Simple Steps to Protect WordPress Websites from Hackers

Purpose of the Article: A website’s security is the first concern, so we should take care of every aspect of it. As a result, I wrote this blog concerning security patches and some crucial plugins

Intended Audience: WordPress developers

Tools and Technology: WordPress

Keywords: Secure WordPress Website, secure WordPress website from hackers


  • WordPress has a password strength indicator to help users gauge how strong their passwords are.
  • Do not use real words, names, or birthdates. Make your passwords totally random.
  • Never use the same password across multiple logins/sites.
  • A password must be 12 characters long and contain letters (uppercase and lowercase) numbers, and symbols. Since version 4.3, WordPress can generate a password for you.

WordPress Username:

  • Use a different username than default-admin.
  • It provides hackers with half of the information they need to hack your website.

Disable PHP Error Reporting

  • WordPress works with a lot of PHP code, and users can add more PHP code via plugins and themes.
  • If the PHP code is incompatible with your web server, something can go wrong.
  • If you have enabled error reporting, you will see a PHP error generated, which can also be displayed.
  • Hackers can use this error message to determine the path to the server.
  • When the error reporting is disabled, unauthorized eyes will not be able to view potentially sensitive information.

Turn Error Reporting OFF

  • You need to add this code to your wp-config.php file: error_reporting(0).

Disable File Editor:

  • WordPress contains a file editor that allows you to edit files, plugins, and theme code directly from the dashboard.
  • When a hacker gains access to your site, this is usually the first place they go. From there, they can run any code they like on your server.
  • To disable the editor, place the following code in your wp-config.php file:
  • Define (‘DISALLOW_FILE_EDIT’, true).

Adding New Users:

  • Please make sure the ‘Anyone can register’ option is off (unless you need this feature of WordPress). It is turned off by default, so until you change it, you should be fine.

New User Roles:

  • Whenever you add a user to your WordPress site, you assign that user a role.
  • A WordPress Role assigns a ‘clearance’ level of security.
  • Each member has the following roles.
  • Super Admin, Administrator, Editor, Author, Contributor, Subscriber. A Super Admin can administrate WordPress sites. The feature isn’t available in normal WordPress installations.
  • The Administrator can manage every aspect of the site.
  • Author – Can publish and manage their content.
  • Contributor – Can write posts but cannot publish them.
  • Subscriber – Can only manage their profile.


  • When using plugins, take the following precautions.
  • Only trustworthy sources.
  • A repository of WordPress plugins.
  • Never use plugins that link to another site from your own.
  • Only purchase plugins from trusted vendors.
  • Make sure you are using fewest plugins .
  • Avoid poorly maintained plugins.
  • When deactivating a plugin, delete it altogether.

Comment SPAM:

Careful with comments:

A ZERO-DAY EXPLOIT allowed hackers to hack into WordPress sites by using WordPress   comments.

  • It is always a good idea not to follow links in the comments section of your site because it is out of your control where they point.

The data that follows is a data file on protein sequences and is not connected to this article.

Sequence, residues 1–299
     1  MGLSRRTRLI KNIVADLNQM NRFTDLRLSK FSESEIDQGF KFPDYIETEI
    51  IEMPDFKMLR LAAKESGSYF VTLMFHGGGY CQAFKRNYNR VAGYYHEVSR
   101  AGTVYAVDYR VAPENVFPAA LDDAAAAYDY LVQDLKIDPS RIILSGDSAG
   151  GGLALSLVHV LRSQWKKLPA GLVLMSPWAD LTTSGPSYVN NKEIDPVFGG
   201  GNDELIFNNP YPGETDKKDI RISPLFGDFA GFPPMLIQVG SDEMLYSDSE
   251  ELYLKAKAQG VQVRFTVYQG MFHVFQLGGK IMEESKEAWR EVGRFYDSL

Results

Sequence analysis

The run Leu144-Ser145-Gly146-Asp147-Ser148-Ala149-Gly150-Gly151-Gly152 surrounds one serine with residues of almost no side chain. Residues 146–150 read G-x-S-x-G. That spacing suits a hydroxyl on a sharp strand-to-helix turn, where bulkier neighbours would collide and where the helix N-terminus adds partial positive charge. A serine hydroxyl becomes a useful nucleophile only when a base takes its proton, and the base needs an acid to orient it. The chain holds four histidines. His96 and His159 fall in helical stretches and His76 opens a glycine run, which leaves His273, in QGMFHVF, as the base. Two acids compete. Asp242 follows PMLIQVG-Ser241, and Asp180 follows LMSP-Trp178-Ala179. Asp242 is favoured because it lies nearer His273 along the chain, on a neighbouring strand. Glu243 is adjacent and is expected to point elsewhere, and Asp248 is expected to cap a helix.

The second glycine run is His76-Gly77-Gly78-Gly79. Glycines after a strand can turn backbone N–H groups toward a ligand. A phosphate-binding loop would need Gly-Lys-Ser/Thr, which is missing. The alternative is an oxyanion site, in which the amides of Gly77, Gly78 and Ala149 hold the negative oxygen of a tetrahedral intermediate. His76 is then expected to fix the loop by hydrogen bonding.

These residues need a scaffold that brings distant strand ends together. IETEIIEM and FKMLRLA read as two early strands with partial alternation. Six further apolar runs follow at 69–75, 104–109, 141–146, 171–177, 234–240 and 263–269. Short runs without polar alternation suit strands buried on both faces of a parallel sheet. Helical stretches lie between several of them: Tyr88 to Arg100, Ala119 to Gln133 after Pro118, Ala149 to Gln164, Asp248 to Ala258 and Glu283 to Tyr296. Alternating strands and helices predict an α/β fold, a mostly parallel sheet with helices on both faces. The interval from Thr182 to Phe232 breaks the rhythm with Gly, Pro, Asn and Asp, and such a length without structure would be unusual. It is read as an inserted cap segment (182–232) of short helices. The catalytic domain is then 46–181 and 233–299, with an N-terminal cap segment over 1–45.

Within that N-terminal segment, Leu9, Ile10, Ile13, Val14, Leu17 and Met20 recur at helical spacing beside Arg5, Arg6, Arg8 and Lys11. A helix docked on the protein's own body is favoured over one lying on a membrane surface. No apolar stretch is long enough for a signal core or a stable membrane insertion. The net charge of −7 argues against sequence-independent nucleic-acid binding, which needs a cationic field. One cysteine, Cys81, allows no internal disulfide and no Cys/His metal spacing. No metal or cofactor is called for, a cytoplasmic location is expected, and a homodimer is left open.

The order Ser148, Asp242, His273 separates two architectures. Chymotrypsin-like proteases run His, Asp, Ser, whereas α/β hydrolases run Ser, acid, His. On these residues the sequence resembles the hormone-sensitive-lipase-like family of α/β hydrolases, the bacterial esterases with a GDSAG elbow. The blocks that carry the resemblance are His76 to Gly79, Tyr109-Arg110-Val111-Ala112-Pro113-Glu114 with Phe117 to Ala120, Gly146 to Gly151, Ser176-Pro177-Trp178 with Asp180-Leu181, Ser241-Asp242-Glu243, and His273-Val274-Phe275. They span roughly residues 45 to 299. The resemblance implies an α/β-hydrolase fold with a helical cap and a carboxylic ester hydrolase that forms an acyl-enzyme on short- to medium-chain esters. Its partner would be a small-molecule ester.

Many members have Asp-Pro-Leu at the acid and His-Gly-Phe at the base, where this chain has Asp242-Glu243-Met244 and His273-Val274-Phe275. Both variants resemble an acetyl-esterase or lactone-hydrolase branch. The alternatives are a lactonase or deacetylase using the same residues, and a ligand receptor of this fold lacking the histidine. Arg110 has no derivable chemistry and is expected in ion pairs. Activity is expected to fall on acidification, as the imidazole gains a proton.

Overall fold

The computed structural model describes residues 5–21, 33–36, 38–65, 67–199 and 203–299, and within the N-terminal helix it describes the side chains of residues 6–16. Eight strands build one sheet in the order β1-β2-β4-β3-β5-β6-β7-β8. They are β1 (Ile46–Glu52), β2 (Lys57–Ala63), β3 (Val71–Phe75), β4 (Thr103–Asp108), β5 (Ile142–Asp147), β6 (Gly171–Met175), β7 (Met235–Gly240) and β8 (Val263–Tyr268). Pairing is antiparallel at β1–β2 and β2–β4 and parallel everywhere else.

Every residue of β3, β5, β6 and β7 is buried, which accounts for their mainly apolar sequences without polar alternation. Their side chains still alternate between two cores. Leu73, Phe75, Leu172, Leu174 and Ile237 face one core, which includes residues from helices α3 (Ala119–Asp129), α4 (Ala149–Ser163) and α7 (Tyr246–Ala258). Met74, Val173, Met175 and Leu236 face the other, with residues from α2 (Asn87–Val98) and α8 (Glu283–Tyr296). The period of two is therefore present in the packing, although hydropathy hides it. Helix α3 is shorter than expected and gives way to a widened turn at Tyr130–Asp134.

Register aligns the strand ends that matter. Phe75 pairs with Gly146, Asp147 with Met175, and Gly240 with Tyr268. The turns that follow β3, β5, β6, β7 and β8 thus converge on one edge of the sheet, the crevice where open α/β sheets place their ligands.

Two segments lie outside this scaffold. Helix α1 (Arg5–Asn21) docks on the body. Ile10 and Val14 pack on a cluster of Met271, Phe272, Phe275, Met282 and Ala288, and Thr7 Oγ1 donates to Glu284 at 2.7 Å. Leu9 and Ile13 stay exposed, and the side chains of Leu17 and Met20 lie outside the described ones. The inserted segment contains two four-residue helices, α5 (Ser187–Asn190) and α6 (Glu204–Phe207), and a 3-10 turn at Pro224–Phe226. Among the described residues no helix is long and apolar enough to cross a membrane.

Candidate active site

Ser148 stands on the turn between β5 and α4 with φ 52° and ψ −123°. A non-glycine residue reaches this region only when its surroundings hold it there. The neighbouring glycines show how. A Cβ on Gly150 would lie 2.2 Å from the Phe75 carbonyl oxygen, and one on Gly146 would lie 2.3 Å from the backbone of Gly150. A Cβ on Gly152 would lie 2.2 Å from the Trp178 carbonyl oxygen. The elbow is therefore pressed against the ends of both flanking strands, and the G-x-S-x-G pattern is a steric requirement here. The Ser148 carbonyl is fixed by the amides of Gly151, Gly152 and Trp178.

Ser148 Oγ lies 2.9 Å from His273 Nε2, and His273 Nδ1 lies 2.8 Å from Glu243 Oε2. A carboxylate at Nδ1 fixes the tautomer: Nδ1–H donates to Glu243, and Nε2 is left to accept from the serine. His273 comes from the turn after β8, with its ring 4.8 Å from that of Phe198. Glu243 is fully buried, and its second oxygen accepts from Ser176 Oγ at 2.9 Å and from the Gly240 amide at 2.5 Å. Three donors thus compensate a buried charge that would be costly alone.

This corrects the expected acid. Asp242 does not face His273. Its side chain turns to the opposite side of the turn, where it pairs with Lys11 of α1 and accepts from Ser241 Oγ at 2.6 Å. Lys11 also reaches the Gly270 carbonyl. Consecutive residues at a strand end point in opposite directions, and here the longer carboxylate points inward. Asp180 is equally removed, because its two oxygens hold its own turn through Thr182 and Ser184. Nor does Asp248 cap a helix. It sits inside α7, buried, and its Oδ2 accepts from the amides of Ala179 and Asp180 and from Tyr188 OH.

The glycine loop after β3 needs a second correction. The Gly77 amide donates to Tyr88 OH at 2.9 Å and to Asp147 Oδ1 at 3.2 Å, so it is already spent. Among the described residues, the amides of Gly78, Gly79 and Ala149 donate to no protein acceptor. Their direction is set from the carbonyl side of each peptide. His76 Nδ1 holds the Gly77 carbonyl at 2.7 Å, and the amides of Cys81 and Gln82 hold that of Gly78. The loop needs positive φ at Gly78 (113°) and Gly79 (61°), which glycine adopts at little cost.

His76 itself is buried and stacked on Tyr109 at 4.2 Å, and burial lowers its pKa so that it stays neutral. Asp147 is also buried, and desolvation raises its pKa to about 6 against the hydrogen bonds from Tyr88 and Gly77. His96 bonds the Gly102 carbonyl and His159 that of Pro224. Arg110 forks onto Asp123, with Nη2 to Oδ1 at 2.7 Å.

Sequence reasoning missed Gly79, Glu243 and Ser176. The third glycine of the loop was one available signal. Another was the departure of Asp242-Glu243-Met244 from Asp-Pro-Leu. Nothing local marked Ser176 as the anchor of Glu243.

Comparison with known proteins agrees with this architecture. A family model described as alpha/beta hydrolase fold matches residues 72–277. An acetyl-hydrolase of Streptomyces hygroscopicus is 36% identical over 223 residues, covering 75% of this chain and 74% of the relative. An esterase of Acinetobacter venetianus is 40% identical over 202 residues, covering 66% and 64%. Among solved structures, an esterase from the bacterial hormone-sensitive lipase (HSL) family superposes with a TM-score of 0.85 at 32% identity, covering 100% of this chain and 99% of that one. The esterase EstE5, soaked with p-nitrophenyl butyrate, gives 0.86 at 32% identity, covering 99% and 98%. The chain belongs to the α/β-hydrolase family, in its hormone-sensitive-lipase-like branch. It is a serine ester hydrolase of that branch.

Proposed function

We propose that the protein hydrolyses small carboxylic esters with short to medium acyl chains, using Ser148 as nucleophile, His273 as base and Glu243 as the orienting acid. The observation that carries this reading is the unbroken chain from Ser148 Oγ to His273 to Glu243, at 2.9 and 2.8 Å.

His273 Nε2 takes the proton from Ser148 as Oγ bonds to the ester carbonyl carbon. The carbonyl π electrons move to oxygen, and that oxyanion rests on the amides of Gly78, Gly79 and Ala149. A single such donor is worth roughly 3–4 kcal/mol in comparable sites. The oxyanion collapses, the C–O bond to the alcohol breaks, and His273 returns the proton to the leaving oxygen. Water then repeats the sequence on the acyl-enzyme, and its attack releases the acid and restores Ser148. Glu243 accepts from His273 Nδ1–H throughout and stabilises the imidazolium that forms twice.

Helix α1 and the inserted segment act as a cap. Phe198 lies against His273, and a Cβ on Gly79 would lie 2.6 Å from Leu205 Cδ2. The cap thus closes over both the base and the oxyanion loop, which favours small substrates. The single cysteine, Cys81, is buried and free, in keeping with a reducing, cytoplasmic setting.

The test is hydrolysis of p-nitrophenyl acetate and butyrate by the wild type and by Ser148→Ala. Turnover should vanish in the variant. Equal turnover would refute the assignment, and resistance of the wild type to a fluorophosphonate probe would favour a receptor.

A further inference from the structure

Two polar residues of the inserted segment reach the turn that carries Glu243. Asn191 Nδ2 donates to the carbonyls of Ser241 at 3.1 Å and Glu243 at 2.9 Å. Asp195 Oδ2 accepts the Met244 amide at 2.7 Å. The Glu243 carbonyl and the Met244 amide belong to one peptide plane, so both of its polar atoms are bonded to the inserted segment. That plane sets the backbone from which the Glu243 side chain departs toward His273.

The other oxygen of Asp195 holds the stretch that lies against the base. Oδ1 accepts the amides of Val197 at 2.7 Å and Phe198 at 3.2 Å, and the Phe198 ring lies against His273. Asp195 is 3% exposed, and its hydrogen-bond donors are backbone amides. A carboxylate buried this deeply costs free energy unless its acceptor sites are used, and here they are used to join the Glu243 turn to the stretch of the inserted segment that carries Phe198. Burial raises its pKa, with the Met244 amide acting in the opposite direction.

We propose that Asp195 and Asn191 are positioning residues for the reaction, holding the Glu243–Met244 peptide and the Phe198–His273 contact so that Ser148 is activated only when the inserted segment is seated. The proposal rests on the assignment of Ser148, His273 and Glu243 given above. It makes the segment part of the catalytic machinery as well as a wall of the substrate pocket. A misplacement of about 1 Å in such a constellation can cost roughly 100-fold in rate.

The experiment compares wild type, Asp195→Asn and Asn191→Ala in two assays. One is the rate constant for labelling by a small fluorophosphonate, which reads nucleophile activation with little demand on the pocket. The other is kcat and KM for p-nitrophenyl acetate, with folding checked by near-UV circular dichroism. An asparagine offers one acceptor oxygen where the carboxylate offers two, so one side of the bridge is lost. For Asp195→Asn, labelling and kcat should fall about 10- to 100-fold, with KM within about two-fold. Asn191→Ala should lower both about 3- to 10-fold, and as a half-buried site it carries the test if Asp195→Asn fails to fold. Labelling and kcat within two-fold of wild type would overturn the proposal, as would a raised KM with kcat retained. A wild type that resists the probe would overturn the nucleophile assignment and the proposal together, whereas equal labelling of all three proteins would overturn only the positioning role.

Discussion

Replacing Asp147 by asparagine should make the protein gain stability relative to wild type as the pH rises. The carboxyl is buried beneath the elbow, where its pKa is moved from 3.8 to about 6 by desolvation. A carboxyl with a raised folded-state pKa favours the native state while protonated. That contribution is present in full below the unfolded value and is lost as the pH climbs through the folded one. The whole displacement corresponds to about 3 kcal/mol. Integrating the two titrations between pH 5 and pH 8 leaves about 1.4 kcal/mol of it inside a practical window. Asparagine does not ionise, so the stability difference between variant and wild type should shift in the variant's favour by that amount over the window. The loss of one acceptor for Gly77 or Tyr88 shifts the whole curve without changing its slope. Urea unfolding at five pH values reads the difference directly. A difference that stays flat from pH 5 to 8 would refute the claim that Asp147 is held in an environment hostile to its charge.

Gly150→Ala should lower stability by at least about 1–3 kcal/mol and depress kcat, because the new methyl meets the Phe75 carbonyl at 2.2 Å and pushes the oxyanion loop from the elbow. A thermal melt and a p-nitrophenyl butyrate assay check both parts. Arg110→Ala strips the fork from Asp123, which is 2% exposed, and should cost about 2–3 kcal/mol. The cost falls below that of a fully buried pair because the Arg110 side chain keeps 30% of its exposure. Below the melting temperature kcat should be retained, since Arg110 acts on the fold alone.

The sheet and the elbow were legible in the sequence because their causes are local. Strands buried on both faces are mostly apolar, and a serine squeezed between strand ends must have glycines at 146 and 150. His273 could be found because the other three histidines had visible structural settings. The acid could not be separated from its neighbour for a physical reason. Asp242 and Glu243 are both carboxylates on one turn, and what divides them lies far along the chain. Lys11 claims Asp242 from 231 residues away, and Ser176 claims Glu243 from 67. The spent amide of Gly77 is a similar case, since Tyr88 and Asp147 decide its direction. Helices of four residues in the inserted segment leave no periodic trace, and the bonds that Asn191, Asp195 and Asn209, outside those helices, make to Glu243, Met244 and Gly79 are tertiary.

• Make sure all comments are manually approved.
  • Approve only genuine, quality comments. This will add value to the conversation.
  • You can remove links from comments if they are not useful or if you don’t approve comments with links in the body.
  • Using cross-scripting attacks. You can add new administrative users, change passwords, etc.
  • Go to the dashboard admin panel Settings-> discussion.


  • A hacker might use a brute-force attack to gain access to your site.
  • A brute force method uses computer software to try  break a system. There are thousands of combinations of usernames and passwords. In addition, if you limit the number of logins attempts to a reasonable number, like three, then if the login fails, the user is locked out for a predetermined length of time before they can try again.
  • Thus, it prevents brute force attacks and “hobby hackers” from trying to access your site through trial-and-error.
  • Plugins can limit login attempts, and the ALL IN ONE SECURITY plugin can monitor login attempts.


Login page security:

  • The login page is the gateway to your WordPress Dashboard, so protecting it will reduce the possibility of your site getting hacked.
  • You can protect the login page in several ways, such as allowing access only from your IP address, moving the login page, and renaming it.



  • WordPress uses a MySQL database to store web page content, user data, etc. It is a vitally important part of your site, and you want to ensure that unauthorized users do not access it.
  • The default prefix for WordPress is wp_
  • A hacker would know the names of all your database tables if you didn’t change the prefix. That gives them an advantage.
  • Go to the wp-config.php file


  • $table_prefix = ‘edb_’;


  • In WordPress version 2.6, security keys were introduced to improve the encryption of cookie information stored on a visitor’s computer.
  • The security features of WordPress have grown as the platform has evolved.
  • The keys are stored in the wp-config.php file. If you install WordPress automatically, the security keys are generated for you. If you install WordPress manually, you can use an online key generator.


  • WP-XML-RPC is fundamentally a way for developers to communicate with WordPress via an API (Programming interface). A tool like Windows Live Writer would be ideal for this.
  • The writer uses XML-RPC for publishing, editing, deleting posts, and adding new categories and tags.
  • XML-RPC is enabled by default in WordPress 3.5 and disabling it will prevent applications from using the API.
  • Jetpack is a popular WordPress plugin that uses XML-RPC. If you disable it, Jetpack cannot function. Many WordPress problems can arise when users disable XML-RPC..